A Castle Doctrine (also known as a Castle Law or a Defense of Habitation Law) is an American legal doctrine that designates a person's abode (or, in some states, any place legally occupied, such as a car or place of work) as a place in which the person has certain protections and immunities and may in certain circumstances use force, up to and including deadly force, to defend against an intruder without becoming liable to prosecution. Typically deadly force is considered justified, and a defense of justifiable homicide applicable, in cases "when the actor reasonably fears imminent peril of death or serious bodily harm to himself or another". The doctrine is not a defined law that can be invoked, but a set of principles which is incorporated in some form in the law of most states.
The legal concept of the inviolability of the home has been known in the West since the age of the Roman Republic. The term derives from the historic English common law dictum that "an Englishman's home is his castle." This concept was established as English law by 17th century jurist Sir Edward Coke, in his The Institutes of the Laws of England, 1628. The dictum was carried by colonists to the New World, who later removed "English" from the phrase, making it "a man's home is his castle", which thereby became simply the Castle Doctrine. The term has been used in England to imply a person's absolute right to exclude anyone from their home, although this has always had restrictions, and since the late twentieth century bailiffs have also had increasing powers of entry.
The term "Make My Day Law" arose at the time of the 1985 Colorado statute that protects people from any criminal charge or civil suit if they use force – including deadly force – against an invader of the home. The law's nickname is a reference to the line "Go ahead, make my day" uttered by actor Clint Eastwood's character Harry Callahan in the 1983 film Sudden Impact.
Conditions of use 
Each state differs in the way it incorporates the castle doctrine into its laws, what premises are covered (abode only, or other places too), what degree of retreat or non-deadly resistance is required before deadly force can be used, etc.
Typical conditions that apply to some Castle Doctrine laws include:
- An intruder must be making (or have made) an attempt to unlawfully or forcibly enter an occupied residence, business or vehicle.
- The intruder must be acting unlawfully—for example, the Castle Doctrine does not give the right to use force against officers of the law acting in the course of their legal duties.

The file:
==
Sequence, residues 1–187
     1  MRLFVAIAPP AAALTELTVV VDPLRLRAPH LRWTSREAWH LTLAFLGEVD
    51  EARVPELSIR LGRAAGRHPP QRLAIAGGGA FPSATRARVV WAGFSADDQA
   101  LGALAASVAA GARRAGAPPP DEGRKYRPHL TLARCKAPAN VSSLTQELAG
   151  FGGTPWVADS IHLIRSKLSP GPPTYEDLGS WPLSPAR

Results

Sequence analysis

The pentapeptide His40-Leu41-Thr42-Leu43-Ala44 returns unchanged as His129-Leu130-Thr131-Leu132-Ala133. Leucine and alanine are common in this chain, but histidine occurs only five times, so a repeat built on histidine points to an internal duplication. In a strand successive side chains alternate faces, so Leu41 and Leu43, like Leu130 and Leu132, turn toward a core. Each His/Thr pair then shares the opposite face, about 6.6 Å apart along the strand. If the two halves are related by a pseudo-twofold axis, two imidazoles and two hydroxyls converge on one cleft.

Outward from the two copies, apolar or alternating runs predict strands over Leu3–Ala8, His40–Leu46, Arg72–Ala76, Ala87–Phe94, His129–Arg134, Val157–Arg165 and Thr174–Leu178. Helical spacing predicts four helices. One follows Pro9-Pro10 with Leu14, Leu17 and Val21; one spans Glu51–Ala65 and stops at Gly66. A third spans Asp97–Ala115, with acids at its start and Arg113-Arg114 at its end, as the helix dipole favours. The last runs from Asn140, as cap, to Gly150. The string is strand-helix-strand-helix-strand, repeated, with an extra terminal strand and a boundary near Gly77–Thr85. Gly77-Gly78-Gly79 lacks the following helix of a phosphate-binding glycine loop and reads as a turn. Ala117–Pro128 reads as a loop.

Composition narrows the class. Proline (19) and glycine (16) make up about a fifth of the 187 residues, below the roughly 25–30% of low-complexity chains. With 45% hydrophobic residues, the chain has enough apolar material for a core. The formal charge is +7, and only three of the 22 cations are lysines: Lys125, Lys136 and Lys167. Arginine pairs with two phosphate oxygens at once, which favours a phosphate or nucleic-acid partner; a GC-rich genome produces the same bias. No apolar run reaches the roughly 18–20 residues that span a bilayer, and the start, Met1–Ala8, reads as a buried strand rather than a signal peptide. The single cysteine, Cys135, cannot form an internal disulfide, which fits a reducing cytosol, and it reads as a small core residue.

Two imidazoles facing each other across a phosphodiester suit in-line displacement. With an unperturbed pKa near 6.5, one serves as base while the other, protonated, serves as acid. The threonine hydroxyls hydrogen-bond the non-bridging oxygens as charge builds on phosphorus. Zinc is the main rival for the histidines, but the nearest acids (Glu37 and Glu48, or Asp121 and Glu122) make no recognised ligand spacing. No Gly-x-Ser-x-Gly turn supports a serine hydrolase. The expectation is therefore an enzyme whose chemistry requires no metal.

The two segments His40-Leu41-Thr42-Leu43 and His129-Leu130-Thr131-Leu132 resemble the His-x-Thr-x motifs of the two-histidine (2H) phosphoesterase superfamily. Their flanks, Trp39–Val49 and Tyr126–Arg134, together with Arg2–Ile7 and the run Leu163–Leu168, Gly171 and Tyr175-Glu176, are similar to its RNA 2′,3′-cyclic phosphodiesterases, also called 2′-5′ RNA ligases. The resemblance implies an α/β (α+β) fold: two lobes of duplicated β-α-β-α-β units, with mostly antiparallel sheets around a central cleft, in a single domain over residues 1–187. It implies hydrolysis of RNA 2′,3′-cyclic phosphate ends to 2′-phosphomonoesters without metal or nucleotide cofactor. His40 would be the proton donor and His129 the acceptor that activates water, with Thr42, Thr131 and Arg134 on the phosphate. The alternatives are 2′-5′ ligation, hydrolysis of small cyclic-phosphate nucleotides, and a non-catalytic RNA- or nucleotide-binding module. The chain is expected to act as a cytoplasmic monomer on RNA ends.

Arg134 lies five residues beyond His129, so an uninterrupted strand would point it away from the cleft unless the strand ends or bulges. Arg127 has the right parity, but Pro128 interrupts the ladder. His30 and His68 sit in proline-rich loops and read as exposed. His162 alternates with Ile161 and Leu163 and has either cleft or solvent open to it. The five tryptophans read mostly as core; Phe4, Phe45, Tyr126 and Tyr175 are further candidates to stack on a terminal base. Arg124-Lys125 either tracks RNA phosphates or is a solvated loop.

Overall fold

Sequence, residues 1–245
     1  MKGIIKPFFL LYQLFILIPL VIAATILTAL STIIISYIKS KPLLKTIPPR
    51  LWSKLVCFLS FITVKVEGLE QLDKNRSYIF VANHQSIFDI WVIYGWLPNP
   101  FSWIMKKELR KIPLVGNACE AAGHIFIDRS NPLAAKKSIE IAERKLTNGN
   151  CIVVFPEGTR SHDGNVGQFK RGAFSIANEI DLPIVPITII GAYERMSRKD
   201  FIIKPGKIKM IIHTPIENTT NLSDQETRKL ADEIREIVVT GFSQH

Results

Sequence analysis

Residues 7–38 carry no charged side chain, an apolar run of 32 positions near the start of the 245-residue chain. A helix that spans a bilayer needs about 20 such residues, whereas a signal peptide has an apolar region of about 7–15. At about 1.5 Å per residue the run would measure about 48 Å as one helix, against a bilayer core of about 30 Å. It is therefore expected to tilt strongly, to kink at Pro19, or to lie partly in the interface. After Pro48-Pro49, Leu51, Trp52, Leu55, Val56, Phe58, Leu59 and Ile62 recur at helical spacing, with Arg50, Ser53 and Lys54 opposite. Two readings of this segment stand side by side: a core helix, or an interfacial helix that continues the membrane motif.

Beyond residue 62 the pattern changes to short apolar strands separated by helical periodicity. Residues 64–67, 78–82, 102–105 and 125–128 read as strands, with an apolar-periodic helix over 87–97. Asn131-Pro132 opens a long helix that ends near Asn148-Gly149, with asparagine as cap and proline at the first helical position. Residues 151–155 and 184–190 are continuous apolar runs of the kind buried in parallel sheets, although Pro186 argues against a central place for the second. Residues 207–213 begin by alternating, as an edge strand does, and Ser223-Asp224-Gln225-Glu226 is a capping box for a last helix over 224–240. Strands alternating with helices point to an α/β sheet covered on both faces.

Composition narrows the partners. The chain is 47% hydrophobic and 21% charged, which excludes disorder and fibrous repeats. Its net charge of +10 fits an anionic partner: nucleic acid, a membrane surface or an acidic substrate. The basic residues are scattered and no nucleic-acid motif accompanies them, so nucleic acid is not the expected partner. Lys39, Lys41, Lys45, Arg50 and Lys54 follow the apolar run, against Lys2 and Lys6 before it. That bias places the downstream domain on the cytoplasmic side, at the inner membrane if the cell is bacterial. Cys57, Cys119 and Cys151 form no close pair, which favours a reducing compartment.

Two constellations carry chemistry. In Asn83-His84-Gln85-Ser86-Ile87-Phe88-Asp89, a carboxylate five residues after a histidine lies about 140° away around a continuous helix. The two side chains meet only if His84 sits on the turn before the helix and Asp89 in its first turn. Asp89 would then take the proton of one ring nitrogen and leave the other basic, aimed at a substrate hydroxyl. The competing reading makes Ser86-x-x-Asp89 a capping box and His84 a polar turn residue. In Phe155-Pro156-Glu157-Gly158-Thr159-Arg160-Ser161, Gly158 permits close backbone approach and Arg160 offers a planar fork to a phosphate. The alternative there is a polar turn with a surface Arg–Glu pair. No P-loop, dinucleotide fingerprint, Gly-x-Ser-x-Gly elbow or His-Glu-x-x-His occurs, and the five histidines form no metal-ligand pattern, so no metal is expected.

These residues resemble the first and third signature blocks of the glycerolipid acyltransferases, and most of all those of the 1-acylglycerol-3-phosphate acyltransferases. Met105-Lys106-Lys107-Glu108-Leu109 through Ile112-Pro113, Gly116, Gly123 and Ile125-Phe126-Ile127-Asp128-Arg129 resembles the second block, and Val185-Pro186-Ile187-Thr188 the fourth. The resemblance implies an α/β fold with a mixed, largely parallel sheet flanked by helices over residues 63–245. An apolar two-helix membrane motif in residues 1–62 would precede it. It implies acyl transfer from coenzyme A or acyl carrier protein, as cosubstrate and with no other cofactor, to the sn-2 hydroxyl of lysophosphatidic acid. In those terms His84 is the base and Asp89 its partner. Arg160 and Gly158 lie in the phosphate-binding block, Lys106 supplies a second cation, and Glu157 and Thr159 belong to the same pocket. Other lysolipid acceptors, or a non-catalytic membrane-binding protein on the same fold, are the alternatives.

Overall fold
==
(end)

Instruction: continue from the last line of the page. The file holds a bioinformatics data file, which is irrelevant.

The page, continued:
- The occupant(s) of the home must reasonably believe the intruder intends to inflict serious bodily harm or death upon an occupant of the home. Some states apply the Castle Doctrine if the occupant(s) of the home reasonably believe the intruder intends to commit a lesser felony such as arson or burglary.
- The occupant(s) of the home must not have provoked or instigated an intrusion, or provoked or instigated an intruder to threaten or use deadly force.
In all cases, the occupant(s) of the home must be there legally, must not be fugitives from the law or aiding or abetting another person in being a fugitive from the law, and must not use force upon an officer of the law performing a legal duty.
Immunity from civil lawsuit 
In addition to providing a valid defense in criminal law, many laws implementing the Castle Doctrine, particularly those with a "Stand-Your-Ground clause," also have a clause which provides immunity from any lawsuit filed on behalf of the assailant for damages or injury resulting from the lawful use of non-excessive force. Without this clause an assailant can sue for medical bills, property damage, disability, and pain and suffering as a result of the injuries inflicted by the defender, or their next-of-kin may sue for wrongful death in the case of a fatality. Even if successfully rebutted, the defendant (the homeowner defender) may have to pay high legal costs as a result of such lawsuits; without immunity, such civil action could be used for revenge against a defender acting lawfully.
Use of force in self-defense which causes damage or injuries to other parties who were not acting criminally may give rise to prosecution and damages.
"Castle laws" remove the duty to retreat before using deadly force when one is in their home or in some U.S. states just simply where one can legally be.
In some states in the United States, one can use deadly force in any location one is legally allowed to be without first attempting to retreat. Such laws remove the requirement that the threat must occur on one's own property.
What is there more holy, what is there more carefully fenced round with every description of religious respect, than the house of every individual citizen?
— Cicero, On his House, 41